minimally funded – can have is exponentially more valuable than the small cost of creating the Roth IRA to begin with. • > Continued from :: PG 87 5 Bookkeeping Mistakes Real Estate Investors Must Avoid delegate. Your time has value, so use it where it is put to best use. Odds are, that best use is creating fantastic returns in real estate, not keeping up with the books. Give yourself permission to let the minutia go. You should always be fully aware of how your finances look, but it’s okay to let some- one else organize them. MAKE A PLAN AND STICK TO IT As soon as you decide to go into business for yourself, you should make a decision about how you will handle bookkeep- ing. Whether you plan to track your own expenses to start and hire a bookkeeper later or would prefer to never fill that role at all, you must have a plan in place. If you have been com- mitting one or more of these common mistakes already, don’t worry. Bookkeepers can actually go back and recreate legitimate, professional records where you failed to keep them! The most important thing is to have a plan for your business books and stick to it. • > Continued from :: PG 97 Local Lending Gains an Edge from Fintech borrowers and writing high quality loans. As more services proliferate to support local lenders, our hope is that local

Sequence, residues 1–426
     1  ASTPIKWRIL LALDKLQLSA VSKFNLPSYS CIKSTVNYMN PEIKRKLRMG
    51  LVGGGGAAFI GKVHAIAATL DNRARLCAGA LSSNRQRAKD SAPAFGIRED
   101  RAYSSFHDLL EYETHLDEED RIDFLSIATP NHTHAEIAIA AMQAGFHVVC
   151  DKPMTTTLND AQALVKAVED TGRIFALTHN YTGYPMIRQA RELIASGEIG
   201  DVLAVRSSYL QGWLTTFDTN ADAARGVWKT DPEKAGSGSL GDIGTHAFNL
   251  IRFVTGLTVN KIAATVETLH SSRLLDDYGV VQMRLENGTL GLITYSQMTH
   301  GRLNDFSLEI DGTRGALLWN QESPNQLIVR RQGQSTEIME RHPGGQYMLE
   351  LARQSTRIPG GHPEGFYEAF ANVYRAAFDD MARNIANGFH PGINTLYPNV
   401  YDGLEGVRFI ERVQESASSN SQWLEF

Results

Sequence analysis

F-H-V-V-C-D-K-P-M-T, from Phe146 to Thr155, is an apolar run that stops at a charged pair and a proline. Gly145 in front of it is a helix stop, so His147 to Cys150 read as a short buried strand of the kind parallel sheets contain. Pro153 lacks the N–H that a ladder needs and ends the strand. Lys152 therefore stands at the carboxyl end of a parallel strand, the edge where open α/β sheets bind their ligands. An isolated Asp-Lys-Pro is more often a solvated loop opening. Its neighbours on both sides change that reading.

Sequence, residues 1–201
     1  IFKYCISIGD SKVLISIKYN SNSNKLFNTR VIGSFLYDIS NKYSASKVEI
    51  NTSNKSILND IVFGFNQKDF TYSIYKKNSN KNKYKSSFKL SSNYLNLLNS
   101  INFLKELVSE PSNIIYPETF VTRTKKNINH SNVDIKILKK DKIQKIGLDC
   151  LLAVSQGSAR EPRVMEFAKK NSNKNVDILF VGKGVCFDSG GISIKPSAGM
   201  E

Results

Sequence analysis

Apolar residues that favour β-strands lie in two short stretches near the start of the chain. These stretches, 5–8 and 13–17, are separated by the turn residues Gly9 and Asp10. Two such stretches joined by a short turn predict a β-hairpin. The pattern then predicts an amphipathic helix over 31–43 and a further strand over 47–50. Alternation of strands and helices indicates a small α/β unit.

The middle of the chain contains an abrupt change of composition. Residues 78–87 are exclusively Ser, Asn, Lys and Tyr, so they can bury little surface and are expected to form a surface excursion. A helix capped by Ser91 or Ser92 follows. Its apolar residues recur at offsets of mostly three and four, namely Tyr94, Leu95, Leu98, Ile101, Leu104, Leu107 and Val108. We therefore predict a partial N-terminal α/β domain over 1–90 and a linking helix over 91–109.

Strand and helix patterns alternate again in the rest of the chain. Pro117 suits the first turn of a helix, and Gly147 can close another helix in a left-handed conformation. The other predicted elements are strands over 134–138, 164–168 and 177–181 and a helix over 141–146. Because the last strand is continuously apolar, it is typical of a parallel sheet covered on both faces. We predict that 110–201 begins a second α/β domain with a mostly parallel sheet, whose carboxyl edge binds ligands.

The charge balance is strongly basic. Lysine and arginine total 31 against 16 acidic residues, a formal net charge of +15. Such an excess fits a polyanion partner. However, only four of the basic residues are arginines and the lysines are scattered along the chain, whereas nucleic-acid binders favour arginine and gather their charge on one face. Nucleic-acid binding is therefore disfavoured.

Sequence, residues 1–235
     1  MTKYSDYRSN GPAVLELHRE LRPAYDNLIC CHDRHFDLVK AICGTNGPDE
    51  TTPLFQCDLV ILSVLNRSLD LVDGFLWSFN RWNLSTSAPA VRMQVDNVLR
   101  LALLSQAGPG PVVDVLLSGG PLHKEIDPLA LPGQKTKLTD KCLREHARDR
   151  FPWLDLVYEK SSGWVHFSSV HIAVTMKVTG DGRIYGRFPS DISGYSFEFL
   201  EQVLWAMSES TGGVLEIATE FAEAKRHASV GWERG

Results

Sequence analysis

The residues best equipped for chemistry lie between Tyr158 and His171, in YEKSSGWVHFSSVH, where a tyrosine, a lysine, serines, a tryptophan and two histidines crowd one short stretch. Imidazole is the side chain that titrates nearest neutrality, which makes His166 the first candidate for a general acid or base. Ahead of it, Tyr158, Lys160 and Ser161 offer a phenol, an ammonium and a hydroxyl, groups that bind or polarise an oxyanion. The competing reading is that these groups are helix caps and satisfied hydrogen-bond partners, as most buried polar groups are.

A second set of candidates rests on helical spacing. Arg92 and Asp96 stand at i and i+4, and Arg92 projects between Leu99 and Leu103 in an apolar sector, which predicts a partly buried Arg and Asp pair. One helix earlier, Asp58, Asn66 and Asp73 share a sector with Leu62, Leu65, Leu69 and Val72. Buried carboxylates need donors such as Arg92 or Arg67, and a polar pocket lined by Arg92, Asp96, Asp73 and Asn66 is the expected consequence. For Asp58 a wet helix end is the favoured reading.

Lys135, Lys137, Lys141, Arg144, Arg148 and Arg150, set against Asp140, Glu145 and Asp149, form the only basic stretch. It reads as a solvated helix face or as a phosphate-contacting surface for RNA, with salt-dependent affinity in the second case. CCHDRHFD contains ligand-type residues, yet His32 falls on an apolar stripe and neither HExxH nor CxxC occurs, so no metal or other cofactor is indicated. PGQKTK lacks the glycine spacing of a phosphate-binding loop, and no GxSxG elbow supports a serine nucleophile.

lenders will expand the type of loans they can offer so that lending can increasingly return to its community-based roots without sacrificing quali- ty or optionality. • > Continued from :: PG 101 3 Common Kitchen Secrets Most Investors Miss materials that you use from market to market while sticking with the popular layout that you know is attractive across the board. In that rural West Virginia market, youmight only need to spend about $1,500 to create an attractive, competitive design. In Chicago, on the other hand, that could be a $20,000 investment. In both cases, if the other numbers work, you would have made a solid, strategic renovation decision. Don’t make the remodeling process harder than it has to be. If you can use the same layout in multiple markets effectively, that reduces the number of market-specific decisions you must make on each project. In this case, as in most cases, working with a local design pro- fessional or a contractor with local market insight will help you determine what parts of your renovation process can be scaled across markets and what parts need to be customized by location. I suspect you will find that more often than not, there are fewer moving parts than you might think! • > Continued from :: PG 109 Life Lessons from a Proud Private